Opinion: Meditation should be implemented into classes

     

    Seniors Nicole Cox and Elizabeth Hall meditating during astrophysics, which is taught by science teacher Josh Bloom.

    Seniors Elizabeth Hall, left, and Nicole Cox meditate during Spirit Week in their Astrophysics class, which is taught by science teacher Josh Bloom. Bloom is one of the few teachers at Palo Alto High School who introduces meditation to his students each year. Photo by Amy Leung.

    “Welcome to this five minute pause in your day. Allow your eyes to close.” This is how Christopher Farina’s Advanced Placement psychology students begin their class each day.

    The students perform mindful meditation, a popular form of relaxation in which participants focus on their thoughts, feelings, sounds or breath by sitting in silence with their eyes closed. This method does not require any spiritual belief, but rather, it gives individuals an opportunity to shut out unnecessary thoughts to facilitate a deeper connection with themselves. Meditational practice, which stems from an ancient Buddhist relaxation practice, has become increasingly popular in Western culture in recent years, according to Psychology TodayStudies show that a few minutes of this mindful meditation each day can lead to emotional benefits that mirror the benefits of physical activity.

    Palo Alto High School should systematically implement meditation into the beginning of certain class periods per week to reduce stress, foster a healthy class environment and encourage high levels of focus.

    On a typical school day, most teachers are unable to give their students time to exercise or participate in stress-relieving activities. With that, students are expected to sit for six hours each day, with an occasional break, while simultaneously maintaining a healthy well being. This causes stress that often weighs down students, and it is essential to find an effective method to alleviate it.

    To their credit, Paly administrators have focused on finding ways to reduce Paly’s high-stress culture in the past years. One of their solutions included introducing meditation into classrooms. By the end of the year, however, most teachers did not continue the practice, aside from a select few.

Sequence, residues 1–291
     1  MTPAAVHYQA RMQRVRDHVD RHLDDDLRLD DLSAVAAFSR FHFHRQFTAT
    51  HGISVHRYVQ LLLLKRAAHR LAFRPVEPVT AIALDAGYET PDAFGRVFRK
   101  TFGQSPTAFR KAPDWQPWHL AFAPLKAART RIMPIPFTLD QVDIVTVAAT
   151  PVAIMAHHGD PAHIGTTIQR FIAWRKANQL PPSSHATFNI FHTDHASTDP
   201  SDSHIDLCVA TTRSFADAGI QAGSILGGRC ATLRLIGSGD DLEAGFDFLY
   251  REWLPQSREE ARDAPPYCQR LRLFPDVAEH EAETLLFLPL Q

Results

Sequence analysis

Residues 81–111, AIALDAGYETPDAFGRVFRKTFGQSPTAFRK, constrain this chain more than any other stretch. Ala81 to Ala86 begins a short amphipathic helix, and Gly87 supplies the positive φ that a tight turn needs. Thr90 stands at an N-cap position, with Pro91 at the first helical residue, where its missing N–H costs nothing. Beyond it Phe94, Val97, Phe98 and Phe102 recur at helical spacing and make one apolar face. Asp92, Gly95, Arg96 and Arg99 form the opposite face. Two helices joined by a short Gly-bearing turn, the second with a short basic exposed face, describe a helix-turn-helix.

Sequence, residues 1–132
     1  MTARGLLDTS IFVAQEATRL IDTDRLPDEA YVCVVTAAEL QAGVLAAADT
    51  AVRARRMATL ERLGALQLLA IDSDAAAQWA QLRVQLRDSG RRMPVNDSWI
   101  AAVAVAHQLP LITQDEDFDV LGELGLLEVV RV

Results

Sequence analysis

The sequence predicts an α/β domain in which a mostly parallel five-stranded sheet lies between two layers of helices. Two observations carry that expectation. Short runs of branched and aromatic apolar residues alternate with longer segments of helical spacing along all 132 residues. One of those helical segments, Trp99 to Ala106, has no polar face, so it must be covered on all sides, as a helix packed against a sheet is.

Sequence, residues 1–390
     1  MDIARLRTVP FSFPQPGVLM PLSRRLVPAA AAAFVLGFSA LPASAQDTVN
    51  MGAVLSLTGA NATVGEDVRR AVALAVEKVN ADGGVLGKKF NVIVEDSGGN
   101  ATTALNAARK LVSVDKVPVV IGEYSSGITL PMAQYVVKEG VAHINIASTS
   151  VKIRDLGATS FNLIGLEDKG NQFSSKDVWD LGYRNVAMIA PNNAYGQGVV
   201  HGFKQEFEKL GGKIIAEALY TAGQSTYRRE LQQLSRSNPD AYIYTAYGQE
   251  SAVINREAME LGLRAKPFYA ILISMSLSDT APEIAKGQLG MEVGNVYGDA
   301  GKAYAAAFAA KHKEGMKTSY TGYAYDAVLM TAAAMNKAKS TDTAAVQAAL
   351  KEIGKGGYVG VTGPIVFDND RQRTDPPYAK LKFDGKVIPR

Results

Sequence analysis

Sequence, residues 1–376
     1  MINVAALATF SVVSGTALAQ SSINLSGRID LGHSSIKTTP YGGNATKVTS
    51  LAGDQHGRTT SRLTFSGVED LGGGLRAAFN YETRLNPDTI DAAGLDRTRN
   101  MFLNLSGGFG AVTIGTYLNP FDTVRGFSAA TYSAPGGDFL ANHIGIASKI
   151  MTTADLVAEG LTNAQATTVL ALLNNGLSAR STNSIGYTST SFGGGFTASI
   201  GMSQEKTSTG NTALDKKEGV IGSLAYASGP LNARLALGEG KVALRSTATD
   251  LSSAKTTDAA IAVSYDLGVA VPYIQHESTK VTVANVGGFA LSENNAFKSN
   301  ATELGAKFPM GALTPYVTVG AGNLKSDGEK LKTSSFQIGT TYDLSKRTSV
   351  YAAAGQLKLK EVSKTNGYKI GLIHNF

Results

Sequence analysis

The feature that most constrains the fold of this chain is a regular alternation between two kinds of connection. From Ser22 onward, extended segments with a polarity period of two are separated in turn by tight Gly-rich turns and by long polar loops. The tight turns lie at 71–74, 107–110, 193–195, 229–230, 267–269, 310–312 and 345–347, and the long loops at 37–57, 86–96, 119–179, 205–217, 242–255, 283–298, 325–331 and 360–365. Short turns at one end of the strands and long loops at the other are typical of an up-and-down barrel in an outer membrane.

Josh Bloom, astronomy teacher and Teacher on Special Assignment for social and emotional learning, is one of the few faculty members who introduces students to meditational practices each year. According to Bloom, he began the mindful practice five years ago to sort out the stress in his own life. After Bloom found the results to be beneficial, he decided to share the practice with his students.

    “There’s a lot of pressure on kids in this community around this idea of success, what success means, and what’s required for success,” Bloom said.

    Introducing just five minutes of meditation at the beginning of each class at Paly could be the beginning of a solution to this problem.

    Meditation has been shown to reduce feelings of anxiety, increase calmness and enable people to enjoy their lives to a fuller and happier extent. For students, meditation is a chance to control one’s own mind and live in the present moment, providing an opportunity to pause during a hectic day, according to the website, Love & Life.

    “The mindfulness of this experience is creating space for you to focus on what’s going on inside of you,” Bloom says. “To allow yourself to step back and become aware of your thoughts, and how you’re thinking.”

    Meditation is also a way to focus attention and eliminate the stream of thoughts crowding your mind. Students who meditate during class time will find themselves retaining information better after refueling. They will be able to work harder with more energy, and therefore succeed more in their classes.

    The practice of meditation also benefits students physically. Meditation enables an inner quiet and peace in people, which has been scientifically proven to slow the heart rate, lower blood pressure and decrease the production of stress hormones. Just five minutes a day of this practice grows the areas of the brain associated with memory, empathy and sense of self, according to Medical Daily, a website dedicated to sharing studies on mental health.

    Students could begin to earn these physical and emotional benefits if teachers of one required course introduce meditation into their classes. Therefore, students would be given a chance to experience the practice two or three times per week, which is enough time to receive healthy benefits through just a brief five minutes a day.

    This would require commitment from the department, and although some might argue that these practices would waste valuable class time, one should keep in mind that it takes less than five minutes at the beginning of a class period, providing benefits that outweigh the small amount of time used for meditation. English teacher George Vuong, who has introduced meditation to students after learning about the method at the end of last year, advocates for other teachers to introduce it as well.

    “This is a good beginning of a class period to kind of help things get settled down and make a more calm environment,” Vuong said.

    Meditation creates many more focused, relaxed and de-stressed students, allowing students to put in more effort, interest and their attention into the period’s classwork.

    “[Through meditation] you begin to discover the aspects of ourselves that are common to all human beings,” said Bloom. “The more you come to know and understand that part of our human being, the more we begin to understand that part being in all of us.”

    Who knew that a simple five minute task every few days could so significantly impact our lives?

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